I completely agree about the App store also, I was just pointing out that licensing software doesn't stop the shit from rolling out and it really needs to be stopped. I actually get upset with my cousin when she buys her son shitty games because I watch him get bored of them in less than an hour but he'll play the good games I let him borrow for weeks. I've told her to stop wasting her money and just ask me what she should get him since she has no idea what she's doing.
IsntChrisL
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(03-05-2011, 04:08 AM)
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While I'm no fan of $40 handheld games, you at least know that your game will stand out more than if it's thrown into a digital store with hundreds of thousands of competitors.

I like the idea of cheaper games that can be downloaded directly to your system, but I also look at these things and judge their value. I don't want to pay $1 for a game that might as well be free. Likewise, I don't want to pay $40 for a game that should probably cost $20. Going to retail adds to the cost, so we need to account for that. I really think the industry should stop using standard prices so much though and price games on an individual basis.

Originally Posted by godhandiscen

Last time I checked my PC have more quality than my console games.

There's a lot more crap on the PC too.
Red Nightmare
Banned
(03-05-2011, 04:15 AM)
Trip Hawkins??? Dude made 3DO. He needs to shut it!
skyfinch
This one lady was like "Something smells like ass".

It was me.
(03-05-2011, 04:16 AM)
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Trip doing this thang! The man is a legend.....or something.
DDayton
(more a nerd than a geek)
(03-05-2011, 04:19 AM)
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Originally Posted by Red Nightmare

Trip Hawkins??? Dude made 3DO. He needs to shut it!

He also ran Apple's marketing division in the early 80s, before starting Electronic Arts.

Did Trip ever actually do anything as far as games themselves, or was he just a corporate head? I assume the latter, but I wasn't sure...
heliosRAzi
Banned
(03-05-2011, 04:19 AM)

Originally Posted by Fuzzy

Do you see the amount of shit that is released on the Wii? The market is being flooded with garbage that is hitting the bargain bin so fast that it's hurting the industry like it did (but to a lesser extent) in the early '80's. Why buy one $50 Wii game when you can buy 5 for the same price!

They only care if it works on the system, not if it is a bad game or not
tylovetx
Banned
(03-05-2011, 04:23 AM)

Originally Posted by godhandiscen

Aww, are you mad because he took a shot at your favorite company? That's so cute.


Last time I checked my PC have more quality than my console games.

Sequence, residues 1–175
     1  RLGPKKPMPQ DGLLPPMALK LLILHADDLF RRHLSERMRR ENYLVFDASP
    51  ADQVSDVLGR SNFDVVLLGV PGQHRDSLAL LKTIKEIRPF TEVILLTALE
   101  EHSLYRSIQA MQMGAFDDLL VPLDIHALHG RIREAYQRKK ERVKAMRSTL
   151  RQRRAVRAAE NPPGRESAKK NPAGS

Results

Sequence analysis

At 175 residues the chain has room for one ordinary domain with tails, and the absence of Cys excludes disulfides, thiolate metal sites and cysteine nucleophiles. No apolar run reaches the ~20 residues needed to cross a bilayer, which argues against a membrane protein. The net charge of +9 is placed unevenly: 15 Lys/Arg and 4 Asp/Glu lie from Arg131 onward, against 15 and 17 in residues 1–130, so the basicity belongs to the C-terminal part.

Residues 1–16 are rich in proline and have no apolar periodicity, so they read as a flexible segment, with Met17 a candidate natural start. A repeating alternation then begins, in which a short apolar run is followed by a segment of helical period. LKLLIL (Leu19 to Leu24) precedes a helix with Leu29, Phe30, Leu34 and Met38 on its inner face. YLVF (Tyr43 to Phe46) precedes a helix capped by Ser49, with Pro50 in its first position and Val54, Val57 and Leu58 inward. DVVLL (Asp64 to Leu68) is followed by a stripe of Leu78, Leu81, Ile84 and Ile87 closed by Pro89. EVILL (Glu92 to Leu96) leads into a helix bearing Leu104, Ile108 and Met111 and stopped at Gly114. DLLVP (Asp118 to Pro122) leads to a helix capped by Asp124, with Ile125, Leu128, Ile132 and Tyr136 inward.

Too bad no one can play them.
Barbacoatl
Banned
(03-05-2011, 04:30 AM)
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Originally Posted by DavidDayton

He also ran Apple's marketing division in the early 80s, before starting Electronic Arts.

Did Trip ever actually do anything as far as games themselves, or was he just a corporate head? I assume the latter, but I wasn't sure...

He programmed the precursor to Madden in 1970 and designed Doctor J and Larry Bird Go One on One, released in '83. So he's (wasn't?) not just a suit. It's also worth noting that Trip designed his own major at Harvard in Strategy and Applied Game Theory.
Lonely1
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(03-05-2011, 04:32 AM)
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Originally Posted by Trip Warhawkins

He programmed the precursor to Madden in 1970 and designed Doctor J and Larry Bird Go One on One, released in '83. So he's (wasn't?) not just a suit. It's also worth noting that Trip designed his own major at Harvard in Strategy and Applied Game Theory.

Game Theory as maths applied to social sciences?
Fuzzy
I would bang a hot farmer!
(03-05-2011, 04:36 AM)

Originally Posted by heliosRAzi

They only care if it works on the system, not if it is a bad game or not

Which is what Nintendo is complaining about with Apple. Apple doesn't care if the games are good. If Nintendo was serious about keeping the "high-value content" feasible then they shouldn't be letting most of the shit be released on the Wii that is now.
OldJadedGamer
Banned
(03-05-2011, 04:37 AM)
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Originally Posted by Red Nightmare

Trip Hawkins??? Dude made 3DO. He needs to shut it!

He also help create Electronic Arts... what have you done for the industry Red Nightmare?
Stephen Colbert
Banned
(03-05-2011, 04:37 AM)
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You don't want any limits, then make games for the PC Mr. Hawkins.
DiscoJer
Junior Member
(03-05-2011, 04:52 AM)
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I think you could make a good case that Nintendo is the only reason there even is a console industry these days. They pushed hard to get retailers to even carry their products.